Ronald Reagan's Fight Against Inflation

Ronald Reagan's Fight Against Inflation
August 1, 2004

One of the amusing things about the media is their compulsion always to present an alternative perspective to conservative successes, even when they look ridiculous doing so. Only liberal successes are allowed to be presented without some reporter saying, "On the other hand. ..." Thus, reports of Ronald Reagan's accomplishments are always accompanied by boilerplate statements about his alleged failures, whether his inability to cure AIDS, the Iran-Contra scandal, or something else.

Even conservatives sometimes fall victim to this compulsion. Two areas where this often occurs are on inflation and the deficit. It is said that Paul Volcker, chairman of the Federal Reserve Board, deserves all the credit for eliminating inflation, with Reagan as some kind of passive observer. It is also said that large budget deficits prove Reagan's economic policy was a failure. Both of these perspectives are seriously misinformed.

It is true inflation fundamentally is a monetary phenomenon. The inflation of the 1970s came about primarily because Fed Chairman Arthur Burns gunned the money supply to get Richard Nixon re-elected in 1972. Burns was followed by G. William Miller, appointed by Jimmy Carter, who didn't have a clue about monetary policy and made the dismal inflation situation he inherited far worse.



Volcker Takes Over

The Consumer Price Index increased 4.9 percent from December 1975 to December 1976, the year Carter was elected. It then increased by 6.7 percent in 1977, 9 percent in 1978, and 13.3 percent in 1979. At this point, Carter realized he had made a serious error in appointing Miller to the Fed. But Miller could not be fired, so he had to be induced to leave voluntarily. Carter fired Treasury Secretary W. Michael Blumenthal, who had been doing a fine job, in order to open the position for Miller, who left the Fed to replace Blumenthal.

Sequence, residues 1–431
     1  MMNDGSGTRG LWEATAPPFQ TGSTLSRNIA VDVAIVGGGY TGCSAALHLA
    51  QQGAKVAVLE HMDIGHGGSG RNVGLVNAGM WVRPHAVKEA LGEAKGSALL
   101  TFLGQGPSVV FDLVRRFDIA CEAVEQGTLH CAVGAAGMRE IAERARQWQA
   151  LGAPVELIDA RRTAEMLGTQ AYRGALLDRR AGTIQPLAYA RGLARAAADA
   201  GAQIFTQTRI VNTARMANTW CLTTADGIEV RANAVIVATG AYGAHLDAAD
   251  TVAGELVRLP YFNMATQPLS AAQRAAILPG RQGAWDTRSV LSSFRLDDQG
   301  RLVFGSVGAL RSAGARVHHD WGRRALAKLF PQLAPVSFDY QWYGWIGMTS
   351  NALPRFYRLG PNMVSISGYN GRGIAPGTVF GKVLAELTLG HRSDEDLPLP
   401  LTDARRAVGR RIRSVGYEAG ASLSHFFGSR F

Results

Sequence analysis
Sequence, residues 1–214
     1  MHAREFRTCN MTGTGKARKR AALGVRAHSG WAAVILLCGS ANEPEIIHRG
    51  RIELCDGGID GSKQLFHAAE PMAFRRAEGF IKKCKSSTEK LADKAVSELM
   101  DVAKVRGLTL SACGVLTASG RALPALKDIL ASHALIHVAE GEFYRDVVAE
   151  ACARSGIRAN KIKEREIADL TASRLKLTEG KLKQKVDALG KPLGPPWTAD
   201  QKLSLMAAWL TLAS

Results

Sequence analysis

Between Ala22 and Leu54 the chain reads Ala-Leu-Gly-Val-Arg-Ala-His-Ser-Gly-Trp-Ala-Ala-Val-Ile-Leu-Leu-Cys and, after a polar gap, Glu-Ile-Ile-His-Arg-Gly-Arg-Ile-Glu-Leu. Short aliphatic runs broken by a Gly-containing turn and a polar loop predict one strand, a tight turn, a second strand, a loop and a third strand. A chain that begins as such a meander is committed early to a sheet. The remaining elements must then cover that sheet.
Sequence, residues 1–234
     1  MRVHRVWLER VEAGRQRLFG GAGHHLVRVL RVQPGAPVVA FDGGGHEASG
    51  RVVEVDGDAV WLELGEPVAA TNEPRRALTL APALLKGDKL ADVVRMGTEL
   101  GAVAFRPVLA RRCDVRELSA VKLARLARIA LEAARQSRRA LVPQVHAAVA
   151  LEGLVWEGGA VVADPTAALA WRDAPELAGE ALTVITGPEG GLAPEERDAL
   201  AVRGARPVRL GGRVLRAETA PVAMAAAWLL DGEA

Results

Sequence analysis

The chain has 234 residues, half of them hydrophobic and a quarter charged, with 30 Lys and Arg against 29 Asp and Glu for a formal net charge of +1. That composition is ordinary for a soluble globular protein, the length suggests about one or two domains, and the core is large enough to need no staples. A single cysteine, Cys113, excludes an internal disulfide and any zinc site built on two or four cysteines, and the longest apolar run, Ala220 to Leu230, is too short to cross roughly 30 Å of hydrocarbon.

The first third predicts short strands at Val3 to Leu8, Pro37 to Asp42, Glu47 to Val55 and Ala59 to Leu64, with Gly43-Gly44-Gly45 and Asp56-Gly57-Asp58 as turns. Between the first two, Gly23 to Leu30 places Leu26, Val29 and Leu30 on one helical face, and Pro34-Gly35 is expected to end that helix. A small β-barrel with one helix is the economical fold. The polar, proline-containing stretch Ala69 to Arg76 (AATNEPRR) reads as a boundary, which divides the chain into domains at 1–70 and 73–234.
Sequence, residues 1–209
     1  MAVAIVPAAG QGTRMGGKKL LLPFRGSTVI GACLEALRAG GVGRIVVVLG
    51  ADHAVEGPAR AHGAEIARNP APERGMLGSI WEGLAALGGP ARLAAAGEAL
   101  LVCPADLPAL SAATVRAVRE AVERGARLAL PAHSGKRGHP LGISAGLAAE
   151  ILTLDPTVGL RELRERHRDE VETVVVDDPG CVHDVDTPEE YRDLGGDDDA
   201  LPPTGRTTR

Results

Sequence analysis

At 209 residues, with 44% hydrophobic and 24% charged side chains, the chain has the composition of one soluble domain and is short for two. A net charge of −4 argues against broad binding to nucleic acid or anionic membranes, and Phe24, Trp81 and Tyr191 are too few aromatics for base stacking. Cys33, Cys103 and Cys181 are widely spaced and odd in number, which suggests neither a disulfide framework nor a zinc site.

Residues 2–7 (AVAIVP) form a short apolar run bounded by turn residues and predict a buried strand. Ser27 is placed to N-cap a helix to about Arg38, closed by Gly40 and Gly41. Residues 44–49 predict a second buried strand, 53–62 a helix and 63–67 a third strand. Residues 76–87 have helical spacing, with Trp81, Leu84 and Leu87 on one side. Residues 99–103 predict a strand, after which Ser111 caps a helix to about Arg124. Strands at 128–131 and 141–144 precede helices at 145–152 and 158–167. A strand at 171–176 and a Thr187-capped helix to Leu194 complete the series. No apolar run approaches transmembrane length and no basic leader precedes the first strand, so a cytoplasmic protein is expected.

Under pressure from Wall Street, Carter reluctantly appointed Paul Volcker to be Fed chairman in 1979. Volcker had been undersecretary of the treasury under Richard Nixon and was serving as president of the Federal Reserve Bank of New York. It is naive to think Carter gave Volcker a free hand. Volcker's inability to fully implement a tight money policy is why the inflation rate fell only to 12.5 percent in 1980, despite a sharp recession that year.

It was only after the election, when Volcker knew Carter had lost, that he really clamped down on the money supply. This illustrates an important point: Presidents get the Fed policy they want, no matter how "independent" the Fed may be. If there had been any doubt about this, it was settled in 1967, when Fed Chairman William McChesney Martin buckled under pressure from Lyndon Johnson and eased monetary policy even though Martin knew he should be tightening. This caused inflation to jump from 3 percent in 1967 to 4.7 percent in 1968 and 6.2 percent in 1969.



Reagan Institutes Own Policies

Few people now remember how much pressure there was on Reagan to get rid of Volcker and have the Fed run a more accommodating monetary policy. Yet Reagan not only supported Volcker publicly, he appointed like-minded people to the Fed whenever he had the chance. He reappointed Volcker to the chairmanship in 1983 and appointed Alan Greenspan to replace him in 1987.

The result of the Fed's tight money policy was a far faster reduction in inflation than most economists thought feasible. From 12.5 percent in 1980, inflation fell to 8.9 percent in 1981 and 3.8 percent in 1982. It is difficult to explain just how remarkable this achievement was. Most economists would have considered it impossible in 1980, especially given the big 1981 tax cut, which economists schooled in Keynesian economics generally viewed as pouring gasoline on the fires of inflation.

But Reagan was firm in his belief that the money supply--and only the money supply--fundamentally determined the inflation rate. However, he also knew other policies could ease the transition to a low-inflation economy. Toward this end, Reagan cut tax rates and reduced business regulation to increase the production of goods and services; deregulated the price of oil, which broke the OPEC oil cartel; and fired striking air traffic controllers, which helped get the wage-price spiral under control.

Ironically, the far greater success in bringing down inflation is what really created the deficit problem. It eliminated bracket creep that caused revenues to rise automatically as inflation pushed people into higher tax brackets. This factor alone added $41 billion to the deficit in 1981 and $64 billion in 1982, according to Office of Management and Budget figures.

Breaking the back of inflation was an enormous accomplishment. Reagan deserves much of the credit. Larger budget deficits were an unavoidable consequence.


Bruce Bartlett is a senior fellow at the National Center for Policy Analysis. His email address is bartlettb@cox.net.